Fears that existing arts audiences resist ‘more diverse artistic product’ appear to be unfounded, ArtsProfessional’s latest Pulse survey suggests.

Photo of an audience

The biggest barrier to increasing the diversity of those who engage with arts and culture may be a perception issue, the findings of a new survey suggest.

Just over half of the 509 UK-based respondents to ArtsProfessional’s Pulse survey on diversity in the arts, agreed that ‘perceptions that your organisation is only relevant to your established audience’ was a barrier that their organisation faced when trying to be more diverse.

The third and final report on the survey, which was published this week, revealed that the sector is split on whether or not audiences actually resist ‘more diverse artistic product’, but this appears to be enough to put organisations off programming, producing and exhibiting it.

Who engages with the arts?

The latest data from England’s Taking Part survey shows that some sub-sections of society are less likely to engage with the arts, including those from lower socio-economic groups or black or ethnic minority backgrounds, and those with a long-standing illness or disability. Men and those aged 75 and over are also less likely to engage.

Respondents indicated that these fears are compounded by ‘inadequate funding’. One respondent said: “When you are struggling to survive, your priorities and passions focus on playing to the paying gallery! We become risk-averse and for us, this means programming rich old white acts for a rich old white audience.”

But the findings suggest these fears may be unfounded, with just 16% of respondents indicating that their organisation had had ‘bad experiences of diverse work that didn’t attract an audience’.

What should be done

Respondents called for more funding, training and initiatives to help with audience development, marketing and outreach. Many commented on the need for a sustained and long-term approach to shift the perceptions of those who believe the arts are ‘not for them’.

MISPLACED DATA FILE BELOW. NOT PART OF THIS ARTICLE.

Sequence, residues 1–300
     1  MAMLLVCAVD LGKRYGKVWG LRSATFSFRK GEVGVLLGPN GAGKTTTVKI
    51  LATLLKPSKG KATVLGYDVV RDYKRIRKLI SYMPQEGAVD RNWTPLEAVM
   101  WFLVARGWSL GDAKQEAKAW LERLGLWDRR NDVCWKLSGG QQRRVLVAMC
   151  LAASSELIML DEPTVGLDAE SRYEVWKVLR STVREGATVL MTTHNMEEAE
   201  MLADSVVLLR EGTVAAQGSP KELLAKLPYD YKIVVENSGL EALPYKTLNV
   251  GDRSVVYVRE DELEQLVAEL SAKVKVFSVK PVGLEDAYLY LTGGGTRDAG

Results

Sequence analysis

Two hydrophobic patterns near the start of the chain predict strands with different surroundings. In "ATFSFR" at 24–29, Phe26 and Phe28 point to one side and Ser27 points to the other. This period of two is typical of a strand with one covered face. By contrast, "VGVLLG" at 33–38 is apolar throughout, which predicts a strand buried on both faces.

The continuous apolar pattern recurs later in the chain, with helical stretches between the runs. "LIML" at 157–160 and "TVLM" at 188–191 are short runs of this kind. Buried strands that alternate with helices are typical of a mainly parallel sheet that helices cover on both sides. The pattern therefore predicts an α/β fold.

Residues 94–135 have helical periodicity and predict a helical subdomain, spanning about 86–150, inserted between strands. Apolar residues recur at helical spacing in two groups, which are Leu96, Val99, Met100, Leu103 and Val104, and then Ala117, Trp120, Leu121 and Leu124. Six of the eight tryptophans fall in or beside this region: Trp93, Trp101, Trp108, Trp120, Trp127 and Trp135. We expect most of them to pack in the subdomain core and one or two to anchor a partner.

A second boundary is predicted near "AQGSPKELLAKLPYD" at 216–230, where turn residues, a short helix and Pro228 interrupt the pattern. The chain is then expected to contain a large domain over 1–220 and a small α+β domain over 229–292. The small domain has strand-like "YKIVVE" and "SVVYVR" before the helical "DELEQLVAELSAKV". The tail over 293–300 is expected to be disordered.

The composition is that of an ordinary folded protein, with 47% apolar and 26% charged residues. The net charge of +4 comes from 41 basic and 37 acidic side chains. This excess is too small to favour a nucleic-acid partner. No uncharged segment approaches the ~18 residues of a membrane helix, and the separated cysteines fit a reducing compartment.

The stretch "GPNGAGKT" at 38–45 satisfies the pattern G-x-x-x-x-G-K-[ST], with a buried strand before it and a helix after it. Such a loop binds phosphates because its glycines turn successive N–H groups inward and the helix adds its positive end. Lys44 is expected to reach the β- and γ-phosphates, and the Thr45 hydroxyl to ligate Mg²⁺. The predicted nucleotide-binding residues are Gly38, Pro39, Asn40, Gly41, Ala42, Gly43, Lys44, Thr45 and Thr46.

Some respondents were concerned by what they saw as the segregation of diverse artistic work within arts organisations’ programmes and an unsophisticated approach to marketing, which might limit audience development.

Many called for the arts to increase diversity in its workforce and revaluate the artistic work it produces, in order to attract a more diverse audience. One said: “We have to stop focusing on projects and start recognising that the entire organisation needs to change in order to be fit for purpose to serve a truly diverse audience.”

A photo of Frances Richens


Exacerbating the situation I believe is the growing nativist (nationalist) political identities in both the UK & US. Beaten down are the liberal universalist dreams that drew me into classical music as a young black-American in the 70s. What happened to the once widely-embraced hope that even black people could eventually embrace the classical arts? We as humans largely give up on classical humanism when the economy contracts, war is in the air, and the old cultural order feels threatened. There is perhaps a natural fear of cultural miscegenation in times of great fragmentation. The gut wants to preserve our cultural purity, for nostalgia.